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images (1)by Tony Greenstein

At a time when virtually all bourgeois pundits and their echo chambers were cheering for an expected Israeli Labour Party (Zionist Union) victory, I wrote: “The Israeli Labour Party, running with Tsipi Livni’s Hatnuah, has high hopes of forming the next government. It is likely to be disappointed.”1

I do not possess a crystal ball, but I do have an analysis of Zionism and settler-colonialism which tells me what political direction Israel is travelling today. Settler-colonial states do not reform themselves of their own accord. The only thing that makes them change their behaviour is massive pressure on the settlers – external and internal. So far Israel has not experienced anything more than the mildest of social disapproval.

Furthermore, settler-colonial states develop their own momentum and dynamic, which, unless they come up against determined opposition or natural barriers, such as the sea, are likely to result in the expulsion or extermination of the indigenous population. In South Africa’s case it was a combination of military defeat in Angola, the struggle of the black working class and a growing sanctions and divestment movement abroad which led to the apartheid system being dismantled.

In Israel the original victims of Zionist colonisation, the Palestinians, have not been finally vanquished. They still continue to sit stubbornly in their villages and on their lands in the West Bank. Barring extermination (which an increasing number on the far right advocate) or transfer across the Jordan, in Zionist eyes there is an uncomfortable Read the rest of this entry »

Northland has a chunk of the poorest housing in the country

After having National Party MPs for 50 years, Northland has a chunk of the poorest housing in the country

by Phil Duncan

From the moment Winston Peters announced his intention to stand for Northland, the outcome was a foregone conclusion.  Indeed, it baffled me that mainstream political commentators didn’t see it until poll after poll, week after week, finally shone a bunch of lights in their eyes simply too bright to ignore.

The by-election was brought about by the resignation of National MP Mike Sabin, currently the subject of a police investigation.

There were two reasons I thought Peters would win.  One is that he’s the past master of populism, able to appear as anti-establishment and opposed to right-wing economics while being thoroughly enmeshed in capitalist politics.  The other is that Northland electing a National MP for the past 50 years hasn’t helped the majority of people there and this was a chance to “send a message” to National without changing the government.

The socio-economic situation there was described by progressive blogger Dave Kennedy at Local Bodies a few days ago:

“Poverty can be seen everywhere in Northland, it is evident in the housing, the health statistics and stories from local doctors like Lance O’Sullivan.

“Schools struggle to meet the diverse needs of the mainly Maori communities and while there seems to be ample money to support elite private schools, Northland schools get ignored and bullied instead. Many of the successes in education in the region are due to communities doing what they can despite the Government.  Kerikeri High School has lifted Maori achievement by supporting a successful programme that has had its funding cut. Much special education support, under the current system, is not directed to where there is greatest need and the likes of Kings College have greater access to services instead.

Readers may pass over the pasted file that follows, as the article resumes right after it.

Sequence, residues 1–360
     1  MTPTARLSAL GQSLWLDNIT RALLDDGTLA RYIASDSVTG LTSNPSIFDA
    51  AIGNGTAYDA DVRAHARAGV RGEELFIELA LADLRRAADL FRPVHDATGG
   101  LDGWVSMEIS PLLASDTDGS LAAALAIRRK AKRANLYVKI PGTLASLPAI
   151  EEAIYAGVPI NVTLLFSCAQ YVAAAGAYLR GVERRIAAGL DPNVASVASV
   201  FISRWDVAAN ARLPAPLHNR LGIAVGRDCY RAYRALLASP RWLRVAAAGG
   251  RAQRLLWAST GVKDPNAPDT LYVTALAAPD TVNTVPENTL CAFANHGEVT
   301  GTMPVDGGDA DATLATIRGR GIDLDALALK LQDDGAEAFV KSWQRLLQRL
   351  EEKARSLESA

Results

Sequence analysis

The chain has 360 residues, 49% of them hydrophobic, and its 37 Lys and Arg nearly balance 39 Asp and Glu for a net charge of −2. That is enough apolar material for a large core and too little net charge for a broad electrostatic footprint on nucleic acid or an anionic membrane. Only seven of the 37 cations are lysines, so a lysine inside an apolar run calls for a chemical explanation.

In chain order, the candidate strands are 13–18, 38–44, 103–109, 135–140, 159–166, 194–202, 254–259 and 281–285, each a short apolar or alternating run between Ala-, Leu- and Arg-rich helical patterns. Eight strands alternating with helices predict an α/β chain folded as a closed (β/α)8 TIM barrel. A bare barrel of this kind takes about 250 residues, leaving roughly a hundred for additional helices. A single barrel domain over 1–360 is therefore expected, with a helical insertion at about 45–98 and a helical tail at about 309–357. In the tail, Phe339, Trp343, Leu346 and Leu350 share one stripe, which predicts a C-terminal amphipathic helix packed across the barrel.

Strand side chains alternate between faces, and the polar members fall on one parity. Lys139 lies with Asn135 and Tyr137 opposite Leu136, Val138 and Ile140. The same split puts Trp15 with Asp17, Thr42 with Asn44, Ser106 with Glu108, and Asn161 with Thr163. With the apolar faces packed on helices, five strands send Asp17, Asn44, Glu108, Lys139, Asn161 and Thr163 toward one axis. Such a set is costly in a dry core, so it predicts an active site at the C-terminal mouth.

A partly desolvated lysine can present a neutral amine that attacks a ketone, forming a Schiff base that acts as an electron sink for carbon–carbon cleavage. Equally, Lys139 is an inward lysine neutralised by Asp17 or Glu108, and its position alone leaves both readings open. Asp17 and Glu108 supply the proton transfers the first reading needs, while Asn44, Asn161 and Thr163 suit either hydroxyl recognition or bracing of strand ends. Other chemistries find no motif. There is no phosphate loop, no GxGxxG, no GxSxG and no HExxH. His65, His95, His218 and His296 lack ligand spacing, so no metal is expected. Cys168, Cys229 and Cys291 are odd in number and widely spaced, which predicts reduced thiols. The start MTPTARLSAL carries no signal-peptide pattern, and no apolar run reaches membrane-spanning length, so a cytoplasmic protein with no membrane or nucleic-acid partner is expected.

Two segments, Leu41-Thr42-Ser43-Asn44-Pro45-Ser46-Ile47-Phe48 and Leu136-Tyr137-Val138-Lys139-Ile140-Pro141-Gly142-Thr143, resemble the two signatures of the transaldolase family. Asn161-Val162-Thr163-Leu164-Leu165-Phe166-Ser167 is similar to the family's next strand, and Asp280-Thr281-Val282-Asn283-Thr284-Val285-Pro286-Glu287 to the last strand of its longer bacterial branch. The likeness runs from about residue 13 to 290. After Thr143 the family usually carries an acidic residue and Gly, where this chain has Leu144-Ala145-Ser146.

“Northland has amongst the worst health statistics in the country and this is most obvious in the area of child health. Diseases most closely related to poverty are common in Northland children. Hospital admissions for: Bronchiolitis, pneumonia, bronchiectasis, pertussis, meningococcal, tuberculosis and serious skin admissions are significantly higher than the New Zealand rate. Rheumatic fever is common and tamariki Maori have a 1 in 200 chance of a damaged heart by the end of school. The KidsCan charity had to step in to ensure that Northland children got necessary prescriptions because families struggled to pay the $5 dollar charges.

“Rheumatic fever in children is often related to poor and overcrowded housing and the shocking state of many Northland houses is very visible when traveling around. Many houses reflect what you would expect in third world countries, not an affluent nation like ours. While the attention is on the housing shortage in Auckland there is little being done to help upgrade the poor homes in the far north. It has since been revealed that poor maintenance has reduced the availability of state housing and this has obviously been an issue in Northland too.

“Maori, in particular, have greater difficulties than most to access funding for housing and even building on their own land and this is well documented.”

And, as Don Franks noted on this blog,  “it’s one of the most shit-poor parts of New Zealand. In 2013, Northland was assessed as having the lowest electorate proportion of wage and salary earners. Earning stuff all, Northland was also assessed as having the second lowest median family income – just $51,400.”

Moreover, unemployment remains consistently higher than the national average, almost a quarter of the constituency’s population aged 15 and over have no Read the rest of this entry »